The Eritrean army left a town in Tigray and remained present in two others on Sunday, residents of this region of northern Ethiopia said, the day after Washington announced an “ongoing withdrawal” of these soldiers accused of numerous abuses.
The army of Eritrea, a country bordering Tigray, entered the region in November 2020 to support Ethiopian federal forces fighting dissident regional authorities. This murderous conflict officially ended with an agreement signed on November 2 in Pretoria between the Ethiopian government and the rebels.
Eritrea has not participated in these discussions and the retention of its troops, accused of abuses against civilians during the conflict as well as after the Pretoria agreement, is considered a major obstacle to peace in the region. .
According to testimonies collected Sunday morning by AFP, the Eritrean forces were no longer present in the city of Aksoum.
“I don’t see any Eritrean soldiers right now in the town,” said a resident, saying their withdrawal began on Friday: “They left (…), carrying dozens of artillery pieces, cannons anti-aircraft and tanks”.
Movements of troops and equipment have also been observed in recent days in the towns of Shire and Adwa.
Three Shire residents said they had seen large convoys of soldiers leaving town since Friday afternoon. One of them claims to have counted “18 tanks and 22 artillery pieces”. Several buses and trucks carrying soldiers carried banners, one of which proclaimed: “Game over”.
However, soldiers were still visible on Sunday. “I saw Eritrean and Ethiopian soldiers patrolling together,” said a resident.
In Adwa, located 85 kilometers east of Shire, “Eritrean forces are still present in significant numbers, although I have seen troops stationed in other parts of the town leaving in recent days”, said a resident.
– “Crucial” –
As access to Tigray is restricted, it is impossible to independently verify the situation on the ground. Neither the Tigrayan rebels nor the Ethiopian government responded to AFP’s requests.
After a telephone conversation with Ethiopian Prime Minister Abiy Ahmed, US Secretary of State Antony Blinken on Saturday hailed the “ongoing withdrawal of Eritrean troops from northern Ethiopia”.
He “welcomed this development, noting that it was crucial to ensuring lasting peace,” the State Department said in a statement.
Igad, an East African regional body that is involved in mediating the peace process, “welcomes all the steps taken to ensure the smooth implementation of the agreement that will lead to a permanent and lasting peace in Ethiopia”, said in a message to AFP his spokesperson Nuur Mohamud Sheekh.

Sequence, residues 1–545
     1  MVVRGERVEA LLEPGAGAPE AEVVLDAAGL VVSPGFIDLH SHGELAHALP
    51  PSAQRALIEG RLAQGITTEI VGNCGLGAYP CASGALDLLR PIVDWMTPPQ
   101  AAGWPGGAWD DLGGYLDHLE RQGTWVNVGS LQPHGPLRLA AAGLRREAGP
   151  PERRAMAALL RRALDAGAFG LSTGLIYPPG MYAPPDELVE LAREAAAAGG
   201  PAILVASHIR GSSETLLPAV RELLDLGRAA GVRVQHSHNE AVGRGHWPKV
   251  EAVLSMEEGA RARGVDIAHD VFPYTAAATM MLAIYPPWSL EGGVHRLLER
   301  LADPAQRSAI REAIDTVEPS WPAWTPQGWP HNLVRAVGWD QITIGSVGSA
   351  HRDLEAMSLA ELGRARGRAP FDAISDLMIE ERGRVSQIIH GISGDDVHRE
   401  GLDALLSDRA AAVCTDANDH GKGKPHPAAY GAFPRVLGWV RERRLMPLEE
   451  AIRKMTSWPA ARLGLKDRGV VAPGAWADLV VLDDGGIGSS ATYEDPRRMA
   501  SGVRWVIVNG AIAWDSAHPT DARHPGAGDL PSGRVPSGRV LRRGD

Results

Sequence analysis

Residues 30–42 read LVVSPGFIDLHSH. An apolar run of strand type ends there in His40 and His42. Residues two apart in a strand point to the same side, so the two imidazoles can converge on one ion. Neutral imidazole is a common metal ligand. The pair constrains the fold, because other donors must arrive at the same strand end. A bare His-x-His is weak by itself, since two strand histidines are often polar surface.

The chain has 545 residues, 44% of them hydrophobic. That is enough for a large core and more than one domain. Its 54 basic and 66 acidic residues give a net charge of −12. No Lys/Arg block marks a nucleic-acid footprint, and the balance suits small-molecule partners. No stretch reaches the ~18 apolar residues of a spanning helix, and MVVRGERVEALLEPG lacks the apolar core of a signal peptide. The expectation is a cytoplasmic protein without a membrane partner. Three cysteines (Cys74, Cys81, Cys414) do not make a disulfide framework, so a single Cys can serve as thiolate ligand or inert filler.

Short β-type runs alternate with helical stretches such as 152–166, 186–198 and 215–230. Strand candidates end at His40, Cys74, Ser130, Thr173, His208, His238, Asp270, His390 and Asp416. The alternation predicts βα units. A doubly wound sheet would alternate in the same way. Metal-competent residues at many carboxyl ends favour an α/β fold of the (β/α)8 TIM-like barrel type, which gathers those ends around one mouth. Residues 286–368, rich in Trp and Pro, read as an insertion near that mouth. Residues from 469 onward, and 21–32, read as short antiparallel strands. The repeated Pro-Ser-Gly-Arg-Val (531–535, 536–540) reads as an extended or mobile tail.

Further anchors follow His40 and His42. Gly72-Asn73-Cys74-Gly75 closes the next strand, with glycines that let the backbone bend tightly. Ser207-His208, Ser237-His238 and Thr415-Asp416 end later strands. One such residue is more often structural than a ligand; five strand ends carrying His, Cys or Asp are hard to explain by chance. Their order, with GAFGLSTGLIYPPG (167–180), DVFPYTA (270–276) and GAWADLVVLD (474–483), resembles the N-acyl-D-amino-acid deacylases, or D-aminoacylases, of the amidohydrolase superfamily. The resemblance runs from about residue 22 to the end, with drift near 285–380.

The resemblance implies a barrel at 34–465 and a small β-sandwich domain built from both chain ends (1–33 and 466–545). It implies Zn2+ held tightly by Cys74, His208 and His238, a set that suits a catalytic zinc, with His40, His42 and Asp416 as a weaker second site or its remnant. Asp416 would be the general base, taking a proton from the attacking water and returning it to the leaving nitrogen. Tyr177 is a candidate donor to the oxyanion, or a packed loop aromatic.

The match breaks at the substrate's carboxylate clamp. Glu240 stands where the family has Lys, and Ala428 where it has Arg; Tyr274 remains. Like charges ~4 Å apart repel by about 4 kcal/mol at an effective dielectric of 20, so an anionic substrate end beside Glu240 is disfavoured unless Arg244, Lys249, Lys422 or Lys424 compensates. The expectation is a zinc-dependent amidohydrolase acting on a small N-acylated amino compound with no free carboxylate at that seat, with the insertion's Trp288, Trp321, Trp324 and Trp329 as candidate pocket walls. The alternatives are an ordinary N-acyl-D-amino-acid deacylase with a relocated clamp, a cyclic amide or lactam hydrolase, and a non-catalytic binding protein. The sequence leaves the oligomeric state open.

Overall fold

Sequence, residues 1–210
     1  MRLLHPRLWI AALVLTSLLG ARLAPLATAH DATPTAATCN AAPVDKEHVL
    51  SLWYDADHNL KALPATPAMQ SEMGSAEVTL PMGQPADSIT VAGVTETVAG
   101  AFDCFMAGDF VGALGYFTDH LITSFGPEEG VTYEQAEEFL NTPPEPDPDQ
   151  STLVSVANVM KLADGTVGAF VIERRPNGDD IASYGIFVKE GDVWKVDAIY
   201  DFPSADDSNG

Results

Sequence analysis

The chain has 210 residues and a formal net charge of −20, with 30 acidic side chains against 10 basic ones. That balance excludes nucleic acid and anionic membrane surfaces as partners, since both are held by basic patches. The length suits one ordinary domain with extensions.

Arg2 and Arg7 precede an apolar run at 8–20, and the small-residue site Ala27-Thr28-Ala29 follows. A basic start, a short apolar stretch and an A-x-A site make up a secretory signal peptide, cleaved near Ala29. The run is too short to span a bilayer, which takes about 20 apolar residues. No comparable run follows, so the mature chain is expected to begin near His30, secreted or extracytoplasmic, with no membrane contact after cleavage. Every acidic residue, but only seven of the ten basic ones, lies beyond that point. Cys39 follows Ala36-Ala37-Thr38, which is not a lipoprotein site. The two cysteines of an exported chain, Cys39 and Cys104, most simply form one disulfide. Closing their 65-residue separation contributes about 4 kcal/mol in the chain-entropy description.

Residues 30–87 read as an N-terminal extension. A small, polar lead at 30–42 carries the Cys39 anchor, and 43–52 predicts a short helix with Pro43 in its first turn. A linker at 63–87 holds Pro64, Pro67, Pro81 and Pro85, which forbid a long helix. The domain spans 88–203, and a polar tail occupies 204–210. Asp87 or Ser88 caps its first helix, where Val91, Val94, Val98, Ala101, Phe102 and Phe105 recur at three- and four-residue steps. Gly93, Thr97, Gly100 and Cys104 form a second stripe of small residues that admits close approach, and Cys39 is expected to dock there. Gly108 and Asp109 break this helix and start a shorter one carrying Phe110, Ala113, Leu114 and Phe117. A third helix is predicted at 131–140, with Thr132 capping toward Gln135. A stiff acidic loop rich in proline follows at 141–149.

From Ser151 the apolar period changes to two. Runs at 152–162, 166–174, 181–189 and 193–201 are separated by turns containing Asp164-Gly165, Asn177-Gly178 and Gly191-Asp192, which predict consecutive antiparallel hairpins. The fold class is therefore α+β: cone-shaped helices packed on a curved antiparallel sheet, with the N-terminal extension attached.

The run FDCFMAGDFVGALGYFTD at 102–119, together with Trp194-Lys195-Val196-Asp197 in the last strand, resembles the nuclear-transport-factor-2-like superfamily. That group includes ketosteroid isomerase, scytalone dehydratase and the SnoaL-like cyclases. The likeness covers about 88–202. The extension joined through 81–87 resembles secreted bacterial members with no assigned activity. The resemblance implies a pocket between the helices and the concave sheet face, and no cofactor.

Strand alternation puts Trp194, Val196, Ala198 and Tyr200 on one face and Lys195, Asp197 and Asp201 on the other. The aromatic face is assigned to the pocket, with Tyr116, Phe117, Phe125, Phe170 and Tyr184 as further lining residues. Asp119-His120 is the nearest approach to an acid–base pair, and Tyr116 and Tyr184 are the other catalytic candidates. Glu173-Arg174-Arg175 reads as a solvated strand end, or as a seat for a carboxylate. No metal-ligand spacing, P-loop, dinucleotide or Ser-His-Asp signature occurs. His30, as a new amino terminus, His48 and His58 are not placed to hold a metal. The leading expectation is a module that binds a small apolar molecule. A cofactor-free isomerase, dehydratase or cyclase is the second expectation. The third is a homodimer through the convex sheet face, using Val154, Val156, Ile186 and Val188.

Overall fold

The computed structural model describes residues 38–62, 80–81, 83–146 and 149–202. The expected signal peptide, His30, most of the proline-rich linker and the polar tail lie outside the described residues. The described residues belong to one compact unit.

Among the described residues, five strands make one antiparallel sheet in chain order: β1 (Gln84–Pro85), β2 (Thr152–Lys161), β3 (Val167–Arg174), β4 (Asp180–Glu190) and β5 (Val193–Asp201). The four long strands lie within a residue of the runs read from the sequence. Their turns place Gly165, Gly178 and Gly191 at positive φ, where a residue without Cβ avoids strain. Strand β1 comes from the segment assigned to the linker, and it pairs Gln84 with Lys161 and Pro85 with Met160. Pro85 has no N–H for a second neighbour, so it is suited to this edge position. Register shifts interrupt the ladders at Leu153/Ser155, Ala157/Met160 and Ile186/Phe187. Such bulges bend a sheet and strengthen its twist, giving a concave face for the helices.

The departure of Eritrean troops from Tigray has been demanded by the international community since the start of the war.
Their presence had been reported from the first weeks of the conflict, when Abiy Ahmed sent the army to dismiss the dissident regional authorities, from the Tigray People’s Liberation Front (TPLF).
Asmara and Addis Ababa denied it for months, before Mr. Abiy admitted it at the end of March 2021.
– Accusations of massacres –
An autocratic state that gained independence from Ethiopia in 1993, Eritrea has been the sworn enemy of the TPLF since a bloody border war in 1998-2000 when this party ruled Ethiopia (1991-2018).
His troops were accused of looting, massacres and rapes during and after the conflict, notably in Aksoum or in the village of Dengolat.
If confirmed, this withdrawal constitutes a major step forward in the peace process launched on 2 November.
Since the agreement, the fighting has ceased, the delivery of humanitarian and medical aid is gradually resuming and the regional capital Mekele has been connected to the national electricity grid.
But the military component remains largely subject to the Eritrean presence.
The rebels announced on January 11 that they had begun to surrender their heavy weapons, saying they hoped “this will go a long way to speeding up the full implementation of the agreement” from Pretoria.
The signatories had indeed agreed that “the disarmament of heavy weapons will be done simultaneously with the withdrawal of foreign and non-federal forces”, with particular reference to Eritrea.
By early December, the Tigrayans had also withdrawn most of their fighters from the front lines, while keeping them in some places to avoid “atrocities” committed by “forces which are obstacles to peace”.
Once these threats have been removed, “we will do (a disengagement) 100%”, they assured.